FM 17-100 Armored Command Field Manual: The Armored Division. 15 January
1944.
FM 18-5 Tank Destroyer Field Manual: Organization and Tactics of Tank
Destroyer Units. 16 June 1942. http://cgsc.contentdm.oclc.org/cdm4/item_viewer.php?CISOROOT=/p4013coll9&CISOPTR=795&CISOBOX=1&REC=14
FM 18-5 Tactical Employment Tank Destroyer Unit. 18 July 1944.
http://cgsc.contentdm.oclc.org/cdm4/item_viewer.php?CISOROOT=/p4013coll9&CISOPTR=793&CISOBOX=1&REC=15


richto90
Bremerton, WA, USA
top 25
E-6 Staff Sergeant
Posts: 403

Re: The Comet tank v German AFV's in WW2
Posted on: 9/20/2017 10:43:40 AM

Quote:
Whilst we wait the dawn of the new day to reach America, a little synopsis of where this thread could run.

Its old ground for me, a much favoured tutorial topic by the late Col George Forty(the father of Bovington).

Two competing interpretations exist, and the largely revolve around the career and influence of General McNair. Much was done to protect his reputation after WW2, and he still has his devotees such as Mark T Cahoun who would advance the orthodox argument that the US army had the right tanks at the right time.

The revision (and I am of that school) is characterised by Steve Zaloga, arguing that McNair had a WW1 mindset and thwarted visionaries such as General Jacob Devers.

A good balanced introduction via the historiography - to the debate which this thread may well engage in - is Robert S Cameron, "Mobility, shock and firepower: the emergence of the US Army Armour Branch" (Centre for Military History, Washington,2009/15)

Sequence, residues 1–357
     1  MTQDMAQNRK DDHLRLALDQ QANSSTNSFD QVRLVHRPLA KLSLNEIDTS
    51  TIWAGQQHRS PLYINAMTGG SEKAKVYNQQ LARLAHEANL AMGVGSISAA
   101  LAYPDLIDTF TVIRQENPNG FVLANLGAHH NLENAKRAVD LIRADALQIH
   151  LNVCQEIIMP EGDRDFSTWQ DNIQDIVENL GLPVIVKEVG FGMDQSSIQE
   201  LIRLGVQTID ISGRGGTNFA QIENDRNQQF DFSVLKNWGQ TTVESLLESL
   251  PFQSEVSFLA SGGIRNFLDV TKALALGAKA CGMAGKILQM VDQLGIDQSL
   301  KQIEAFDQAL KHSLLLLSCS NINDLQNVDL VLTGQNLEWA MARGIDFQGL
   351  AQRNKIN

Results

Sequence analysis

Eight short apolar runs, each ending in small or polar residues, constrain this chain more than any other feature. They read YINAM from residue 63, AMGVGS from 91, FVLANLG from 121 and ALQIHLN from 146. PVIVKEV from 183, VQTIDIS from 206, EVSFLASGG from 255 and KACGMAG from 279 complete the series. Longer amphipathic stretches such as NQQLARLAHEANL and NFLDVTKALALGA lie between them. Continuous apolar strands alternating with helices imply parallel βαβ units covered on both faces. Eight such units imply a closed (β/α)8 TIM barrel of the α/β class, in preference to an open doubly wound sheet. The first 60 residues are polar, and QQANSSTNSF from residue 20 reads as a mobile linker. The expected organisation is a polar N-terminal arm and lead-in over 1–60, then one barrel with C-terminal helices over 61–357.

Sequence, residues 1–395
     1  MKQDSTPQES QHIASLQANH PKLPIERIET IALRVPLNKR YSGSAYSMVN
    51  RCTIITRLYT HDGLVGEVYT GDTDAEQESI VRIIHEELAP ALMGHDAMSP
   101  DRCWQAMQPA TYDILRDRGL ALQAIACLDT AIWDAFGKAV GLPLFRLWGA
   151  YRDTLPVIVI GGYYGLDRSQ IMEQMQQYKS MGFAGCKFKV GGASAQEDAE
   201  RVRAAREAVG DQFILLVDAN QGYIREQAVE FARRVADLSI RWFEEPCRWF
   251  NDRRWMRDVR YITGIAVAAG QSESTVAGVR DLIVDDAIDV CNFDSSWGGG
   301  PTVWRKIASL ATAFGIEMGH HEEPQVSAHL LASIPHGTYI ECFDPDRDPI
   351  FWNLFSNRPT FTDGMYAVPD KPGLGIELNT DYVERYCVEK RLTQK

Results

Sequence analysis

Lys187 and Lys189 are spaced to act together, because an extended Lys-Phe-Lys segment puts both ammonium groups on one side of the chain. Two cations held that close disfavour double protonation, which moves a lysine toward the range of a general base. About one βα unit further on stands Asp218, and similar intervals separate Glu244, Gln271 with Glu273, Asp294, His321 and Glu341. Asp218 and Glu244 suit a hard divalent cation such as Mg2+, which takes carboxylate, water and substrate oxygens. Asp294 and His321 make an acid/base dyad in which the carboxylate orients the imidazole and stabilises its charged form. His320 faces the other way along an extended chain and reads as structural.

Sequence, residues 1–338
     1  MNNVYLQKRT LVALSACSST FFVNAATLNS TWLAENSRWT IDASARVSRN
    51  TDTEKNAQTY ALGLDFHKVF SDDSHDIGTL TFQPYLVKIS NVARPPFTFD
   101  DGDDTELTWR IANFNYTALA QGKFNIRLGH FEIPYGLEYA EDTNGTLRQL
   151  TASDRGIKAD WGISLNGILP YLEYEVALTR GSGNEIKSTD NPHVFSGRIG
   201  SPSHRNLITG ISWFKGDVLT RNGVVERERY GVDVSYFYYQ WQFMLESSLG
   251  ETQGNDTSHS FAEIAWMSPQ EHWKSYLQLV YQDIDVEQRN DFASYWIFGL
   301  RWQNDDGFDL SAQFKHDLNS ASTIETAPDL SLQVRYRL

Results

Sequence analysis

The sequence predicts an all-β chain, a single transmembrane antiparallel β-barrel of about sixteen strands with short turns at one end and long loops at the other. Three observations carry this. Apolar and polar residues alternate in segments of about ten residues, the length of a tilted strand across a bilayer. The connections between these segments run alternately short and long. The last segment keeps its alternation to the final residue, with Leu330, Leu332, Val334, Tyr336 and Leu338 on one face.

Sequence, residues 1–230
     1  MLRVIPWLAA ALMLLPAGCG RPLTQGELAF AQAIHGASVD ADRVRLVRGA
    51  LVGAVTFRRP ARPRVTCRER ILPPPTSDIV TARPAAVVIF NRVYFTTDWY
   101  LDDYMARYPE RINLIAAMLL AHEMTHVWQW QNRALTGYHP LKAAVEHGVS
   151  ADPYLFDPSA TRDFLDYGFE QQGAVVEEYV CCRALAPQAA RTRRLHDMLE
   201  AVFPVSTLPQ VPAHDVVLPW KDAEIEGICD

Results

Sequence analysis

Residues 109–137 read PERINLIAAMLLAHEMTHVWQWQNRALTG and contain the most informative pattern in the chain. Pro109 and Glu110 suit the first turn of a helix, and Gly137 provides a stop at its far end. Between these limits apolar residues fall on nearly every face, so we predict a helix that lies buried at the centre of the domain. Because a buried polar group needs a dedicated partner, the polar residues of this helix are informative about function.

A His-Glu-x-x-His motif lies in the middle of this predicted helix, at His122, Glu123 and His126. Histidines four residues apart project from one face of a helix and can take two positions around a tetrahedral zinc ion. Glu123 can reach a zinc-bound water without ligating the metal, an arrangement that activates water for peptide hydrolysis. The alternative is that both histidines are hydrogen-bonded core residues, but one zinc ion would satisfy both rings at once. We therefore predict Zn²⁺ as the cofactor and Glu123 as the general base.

So fasten your seat belts and we will await Richto90's reply...
--SJ


Or, since it is dawn here, now, we could look at:

Baily, Charles M. The Development of American Tank Destroyers during World War II: The Impact of Doctrine, Combat Experience, and Technology on Material Acquisition. Fort Leavenworth, KS, 1976.
_____. Faint Praise: American Tanks and Tank Destroyers during World War
II. Hamden, Conn: Archon Books, 1983.

BTW, since Baily's balanced interpretation is now little known, since he died too early, Zaloga's has dominated the historiography since the 1980's, so is in fact the "orthodox interpretation", rather than a "revision". However, much of that is based on the simple fact that the original historiographic interpretation was by the Ordnance department postwar, when McNair had little or no means of replying.

Also BTW, who is "Cahoun"? Meanwhile, Cameron, while presenting an excellent doctrinal and organizational history, touches lightly on the technical, developmental, and industrial mobilization issues confronting the U.S.

So do you want to drag poor old Belton into it too or are your seatbelts too tight for that?




SJ
Belfast N Ireland, UK
top 10
E-9 Sergeant Major
Posts: 697

Re: The Comet tank v German AFV's in WW2
Posted on: 9/20/2017 11:15:23 AM
Thank you for that. hmmm lots of manuals. The craft of good history lies however in interpretation. Have you published ?

Anyway, Its a wet afternoon, lets open the debate. The M26 is a good starting point.

I would respectfully suggest you look at the correspondence Devers to Marshall (16 Dec 1943). The M26, far from being approved - "authorised for development" [sic] as you have argued, was in grave danger of never getting produced for WW2 service at all!!!!

It was only the intervention by Marshall that saved it. The naïve argument by the McNair camp was that (a) tank killers on an M4 chassis could do the job,and(b)that the M26 was unfit for combat -to quote the manuals - as the size of US tanks was limited to the capacity of the Corps of Engineers bridges.